Pavements

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"Those weaned on concrete should struggle to absorb it all."

The flight paths into and out of Denver International Airport have not yet been paved, as evidenced by the routine insistence by every pilot of every arriving and departing flight that cabin service be either suspended three quarters of an hour before landing or delayed for a similar period after takeoff. These departures and arrivals prove to be white knuckle affairs for everyone except the flight crew, and even they give their seat belts an extra snugging tug. I find myself anxiously anticipating every departure and every return before finally submitting to the necessity of experiencing this ordeal, though I don't like or appreciate a minute of these adventures.

In the US, pavements tend toward the uniformly boring.
Asphalt or concrete, as smooth as a baby's behind and as uniform as mass production can muster, marred only by chipping, cracking, or upheaving roots. Other parts of the world employ different materials, most notably cobblestones, a history of the fabrication of which might mirror the advance of civilization itself. The older cities of Europe each employ cobblestone as their primary pavement, though roads and sidewalks employing this material cost orders of magnitude more to fabricate and maintain. The stones seem to be held in place with sand, gravity, and an ingenuity more primitive and perhaps more brilliant than that which created any alternative paving.

My feet feel the cobbles' presence beneath them. In my super-thin-soled Barefoot® shoes, I can feel every imperfection massaging my soles. I walk gingerly, as if padding along a particularly well-trod trail, only very occasionally finding a disturbing prominence underfoot. By the end of a day's touring, my feet feel enlivened, which I contrast to how fragmented they feel after a day spent treading atop travertine or any other smooth-finished pavement. Car tires hum over cobbled streets. Rain partially seeps right through. I imagine the earth beneath breathing, still an integral part of civilization instead of cordoned off as a feral opponent of it.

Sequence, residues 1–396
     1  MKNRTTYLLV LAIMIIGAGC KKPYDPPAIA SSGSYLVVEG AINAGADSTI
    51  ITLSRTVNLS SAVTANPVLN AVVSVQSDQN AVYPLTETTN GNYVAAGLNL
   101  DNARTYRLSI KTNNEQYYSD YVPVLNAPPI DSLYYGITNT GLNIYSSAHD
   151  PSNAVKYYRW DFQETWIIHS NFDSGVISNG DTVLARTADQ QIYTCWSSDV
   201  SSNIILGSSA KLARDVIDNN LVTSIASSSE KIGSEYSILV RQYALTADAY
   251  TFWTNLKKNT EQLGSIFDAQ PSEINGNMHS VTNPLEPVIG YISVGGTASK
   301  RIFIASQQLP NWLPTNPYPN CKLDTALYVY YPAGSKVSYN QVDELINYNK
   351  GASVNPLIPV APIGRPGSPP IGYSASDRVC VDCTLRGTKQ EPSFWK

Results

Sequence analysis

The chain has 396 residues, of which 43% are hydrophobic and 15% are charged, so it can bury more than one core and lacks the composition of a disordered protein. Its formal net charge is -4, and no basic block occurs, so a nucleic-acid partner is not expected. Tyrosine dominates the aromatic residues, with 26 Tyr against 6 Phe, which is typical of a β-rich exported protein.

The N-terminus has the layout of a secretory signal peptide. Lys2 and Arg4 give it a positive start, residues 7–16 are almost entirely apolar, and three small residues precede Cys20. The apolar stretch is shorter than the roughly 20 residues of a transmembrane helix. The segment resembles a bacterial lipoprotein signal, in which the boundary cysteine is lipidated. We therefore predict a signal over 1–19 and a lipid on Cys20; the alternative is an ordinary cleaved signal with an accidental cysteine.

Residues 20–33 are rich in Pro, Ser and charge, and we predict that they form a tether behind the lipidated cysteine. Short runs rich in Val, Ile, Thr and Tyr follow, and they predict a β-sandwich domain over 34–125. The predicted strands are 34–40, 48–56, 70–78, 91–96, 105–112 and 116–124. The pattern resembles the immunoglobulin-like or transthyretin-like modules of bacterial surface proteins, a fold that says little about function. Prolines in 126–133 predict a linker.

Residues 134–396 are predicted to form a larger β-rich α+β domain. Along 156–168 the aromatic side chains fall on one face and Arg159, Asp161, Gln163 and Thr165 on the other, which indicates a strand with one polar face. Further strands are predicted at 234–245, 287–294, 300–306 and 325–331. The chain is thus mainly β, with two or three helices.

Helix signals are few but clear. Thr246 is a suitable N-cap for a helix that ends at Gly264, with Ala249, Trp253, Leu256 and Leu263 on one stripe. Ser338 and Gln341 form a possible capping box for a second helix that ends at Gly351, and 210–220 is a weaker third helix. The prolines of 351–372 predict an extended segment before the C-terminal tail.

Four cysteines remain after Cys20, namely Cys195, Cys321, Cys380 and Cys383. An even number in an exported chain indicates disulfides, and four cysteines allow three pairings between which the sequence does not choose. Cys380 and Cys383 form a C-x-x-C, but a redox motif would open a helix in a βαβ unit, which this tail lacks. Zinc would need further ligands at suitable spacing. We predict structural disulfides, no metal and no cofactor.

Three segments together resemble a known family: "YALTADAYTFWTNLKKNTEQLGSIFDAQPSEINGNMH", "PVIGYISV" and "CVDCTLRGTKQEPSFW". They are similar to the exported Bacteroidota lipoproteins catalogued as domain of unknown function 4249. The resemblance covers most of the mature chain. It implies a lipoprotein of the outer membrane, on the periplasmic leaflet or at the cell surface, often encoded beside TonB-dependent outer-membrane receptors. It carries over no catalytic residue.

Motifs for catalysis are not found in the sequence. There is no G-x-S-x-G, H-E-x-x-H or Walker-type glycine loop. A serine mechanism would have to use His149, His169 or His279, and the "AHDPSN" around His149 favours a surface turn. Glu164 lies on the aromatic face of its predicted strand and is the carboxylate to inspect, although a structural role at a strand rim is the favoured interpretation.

I brought one treasured souvenir back from our recent visit to The Continent, a small hand-hewn cobblestone from a Prague side street. Sometimes, an edge of the surface will bulge and displace a few stones. I took this treasure from one of those places where a few stones littered the otherwise smooth-ish surface. I deeply appreciate the craftsmanship displayed in a finished cobble surface. The stones often seem to have been laid in arcs which seamlessly melt into each other to produce a most visually pleasing pattern. I have spent some time watching workmen repairing cobble pavement. They work on their knees, employing mallets to hammer each triangular stone precisely into place before sweeping heavy sand into the spaces between stones then brushing the top surface clean. It's painstaking effort, evidence of a deep respect for tradition as well for the surface covered.

Pavement's nothing particularly noteworthy in the US, most noticeable in its absence, like along the flight paths into and out of Denver International, or in its deterioration. Driving up the foothills last night, we found a fresh pothole that had not been there before we left two weeks ago. It seems that some lane is always undergoing renovation, a quick hot patch which seems to almost as quickly wear away. Some of the cobbled roadways in Italy have survived more than two millennia since Roman slaves first laid down their stones, a permanence other pavements can only envy.

An American in Paris might notice a case of Cobblefoot intruding on their touring should they wear the wrong shoes, ones too stiff to conform to the variety underfoot or too loose to stay put through the lumps and swells. It's hobbling, leaving aching ankles and sore toes. The American foot, even properly shod, isn't accustomed to such variety underfoot, no more than the American eye is used to such visual variety surrounding them there. One might be well-advised to find a small square which dates to the late middle ages and simply sit and absorb the variety surrounding them, for to attempt to tromp through it while gawking will most probably result in at least a minor case of cobblefoot or cobble-brain, a dizzying resulting from too much symmetrical imperfection perfectly harmonizing. Those weaned on concrete should struggle to absorb it all.

©2019 by David A. Schmaltz - all rights reserved









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